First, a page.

Every time a browser loads a webpage it has to download all the web files to properly display the page.  This includes all the HTML, CSS, javascript and images.  Browser caching can help by storing some of these files locally in the user’s browser.  Their first visit to your site will take the same time to load, however when that user revisits your website, refreshes the page, or even moves to a different page of your site, they already have some of the files they need locally.

This means the amount of data the user’s browser has to download is less, and fewer requests need to be made to your server.  The result? Decreased page load times.

## EXPIRES CACHING ##
<IfModule mod_expires.c>
ExpiresActive On
ExpiresByType image/jpg "access plus 1 year"
ExpiresByType image/jpeg "access plus 1 year"
ExpiresByType image/gif "access plus 1 year"
ExpiresByType image/png "access plus 1 year"
ExpiresByType image/svg+xml "access plus 1 year"
ExpiresByType text/css "access plus 1 month"
ExpiresByType application/pdf "access plus 1 month"
ExpiresByType application/font-woff "access plus 1 year"
ExpiresByType text/x-javascript "access plus 1 month"
ExpiresByType application/x-shockwave-flash "access plus 1 month"
ExpiresByType image/x-icon "access plus 1 year"
ExpiresDefault "access plus 1 week"
</IfModule>
## EXPIRES CACHING ##

I also added a couple of extra lines to include SVG and the woff font type…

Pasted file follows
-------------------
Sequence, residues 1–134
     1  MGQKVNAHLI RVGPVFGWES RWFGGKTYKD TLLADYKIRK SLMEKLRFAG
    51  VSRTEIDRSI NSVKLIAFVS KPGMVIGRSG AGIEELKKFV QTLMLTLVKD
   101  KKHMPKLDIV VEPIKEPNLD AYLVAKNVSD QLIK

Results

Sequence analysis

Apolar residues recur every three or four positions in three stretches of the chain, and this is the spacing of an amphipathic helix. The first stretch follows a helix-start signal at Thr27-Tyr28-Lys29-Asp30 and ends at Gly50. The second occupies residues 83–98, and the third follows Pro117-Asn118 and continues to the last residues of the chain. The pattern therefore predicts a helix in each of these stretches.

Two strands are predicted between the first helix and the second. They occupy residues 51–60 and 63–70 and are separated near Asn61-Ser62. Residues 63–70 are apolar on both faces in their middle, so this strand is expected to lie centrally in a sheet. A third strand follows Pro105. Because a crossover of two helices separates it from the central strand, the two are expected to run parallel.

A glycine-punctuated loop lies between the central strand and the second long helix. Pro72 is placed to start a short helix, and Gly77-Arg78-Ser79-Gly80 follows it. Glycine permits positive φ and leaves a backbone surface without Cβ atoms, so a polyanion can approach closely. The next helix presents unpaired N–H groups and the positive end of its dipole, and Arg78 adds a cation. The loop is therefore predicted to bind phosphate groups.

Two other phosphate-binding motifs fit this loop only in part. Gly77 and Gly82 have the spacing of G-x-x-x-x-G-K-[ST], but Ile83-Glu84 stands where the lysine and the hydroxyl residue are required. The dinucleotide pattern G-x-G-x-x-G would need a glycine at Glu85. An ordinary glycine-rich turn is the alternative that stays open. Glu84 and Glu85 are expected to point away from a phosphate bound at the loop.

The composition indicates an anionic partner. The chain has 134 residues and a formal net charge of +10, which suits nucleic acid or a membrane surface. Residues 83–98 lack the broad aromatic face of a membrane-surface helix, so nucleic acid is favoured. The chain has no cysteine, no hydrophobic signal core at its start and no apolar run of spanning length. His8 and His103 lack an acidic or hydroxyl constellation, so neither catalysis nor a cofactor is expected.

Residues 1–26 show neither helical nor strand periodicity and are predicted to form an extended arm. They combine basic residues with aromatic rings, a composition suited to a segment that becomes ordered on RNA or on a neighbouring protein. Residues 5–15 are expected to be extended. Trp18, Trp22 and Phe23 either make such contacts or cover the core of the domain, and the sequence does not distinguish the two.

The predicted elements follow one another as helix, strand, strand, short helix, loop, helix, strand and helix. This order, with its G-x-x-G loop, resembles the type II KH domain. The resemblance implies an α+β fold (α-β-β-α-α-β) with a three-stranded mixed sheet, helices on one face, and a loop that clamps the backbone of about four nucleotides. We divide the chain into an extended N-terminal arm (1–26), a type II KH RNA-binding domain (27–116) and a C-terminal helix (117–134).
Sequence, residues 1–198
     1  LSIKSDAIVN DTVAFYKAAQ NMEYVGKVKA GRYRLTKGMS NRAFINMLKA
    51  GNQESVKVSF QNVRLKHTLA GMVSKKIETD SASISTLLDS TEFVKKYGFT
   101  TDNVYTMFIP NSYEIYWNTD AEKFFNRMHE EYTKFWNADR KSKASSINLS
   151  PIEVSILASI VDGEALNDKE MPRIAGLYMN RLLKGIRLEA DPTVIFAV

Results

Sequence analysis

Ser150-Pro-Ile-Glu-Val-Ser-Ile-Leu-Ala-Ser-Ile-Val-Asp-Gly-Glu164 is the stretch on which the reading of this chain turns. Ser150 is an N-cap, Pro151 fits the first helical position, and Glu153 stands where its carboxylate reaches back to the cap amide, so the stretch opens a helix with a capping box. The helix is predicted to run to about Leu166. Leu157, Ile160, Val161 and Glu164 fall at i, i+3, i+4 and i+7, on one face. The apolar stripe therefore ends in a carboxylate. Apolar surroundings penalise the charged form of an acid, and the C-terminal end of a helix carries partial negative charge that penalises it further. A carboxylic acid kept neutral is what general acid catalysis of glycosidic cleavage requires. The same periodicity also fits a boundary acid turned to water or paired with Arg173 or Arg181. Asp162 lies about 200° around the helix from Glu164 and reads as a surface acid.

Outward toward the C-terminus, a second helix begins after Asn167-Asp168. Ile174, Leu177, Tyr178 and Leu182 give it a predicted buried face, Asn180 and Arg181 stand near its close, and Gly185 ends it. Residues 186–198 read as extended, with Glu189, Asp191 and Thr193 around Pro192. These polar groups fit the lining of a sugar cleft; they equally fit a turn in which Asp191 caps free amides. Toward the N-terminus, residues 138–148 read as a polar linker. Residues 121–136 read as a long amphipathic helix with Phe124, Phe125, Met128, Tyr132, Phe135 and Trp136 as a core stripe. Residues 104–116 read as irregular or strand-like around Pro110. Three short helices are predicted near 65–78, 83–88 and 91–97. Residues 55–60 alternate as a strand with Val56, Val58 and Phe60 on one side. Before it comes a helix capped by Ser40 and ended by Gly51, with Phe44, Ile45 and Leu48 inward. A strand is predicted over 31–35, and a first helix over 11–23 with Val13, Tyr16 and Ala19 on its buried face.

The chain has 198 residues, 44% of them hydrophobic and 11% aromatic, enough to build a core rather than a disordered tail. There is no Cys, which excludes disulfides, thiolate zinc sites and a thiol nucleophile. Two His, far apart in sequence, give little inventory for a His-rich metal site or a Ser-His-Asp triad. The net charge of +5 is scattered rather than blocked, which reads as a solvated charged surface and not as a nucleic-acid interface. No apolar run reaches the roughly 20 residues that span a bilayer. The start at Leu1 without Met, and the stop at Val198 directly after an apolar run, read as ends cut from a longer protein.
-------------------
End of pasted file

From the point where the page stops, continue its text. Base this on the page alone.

Optimize images

It only advised me to reduce the file size of one image, so this was a relatively easy update.  It was the background image in the header behind my name.  I had inadvertently saved it originally as a PNG-32.  I changed this to PNG-8, which reduced the file size from approx 12.5k to 3.5k.  I lost the gradient effect a little, but it was so subtle that it wasn’t really an issue.

What are the differences between the various PNG formats?

  • PNG-8: The 8 stands for 8 bit. It can handle up to 256 colours. They are similar to GIFs, and uses a lossless compression method. More ideally suited to small, more simple graphics such as logos & icons.
  • PNG-24: It is similar to PNG-8s, but has support for 16 million colours, and will preserve colour variations such as gradients better.  It will be a larger file size as it retains more detail.
  • PNG-32: It’s the highest quality of all PNG formats, and supports full alpha transparency.  It is therefore the largest file size of the three formats.  It is best used for detailed graphics such as those that have gradients, varying colors, rounded edges and transparencies.

Enable Keep-Alive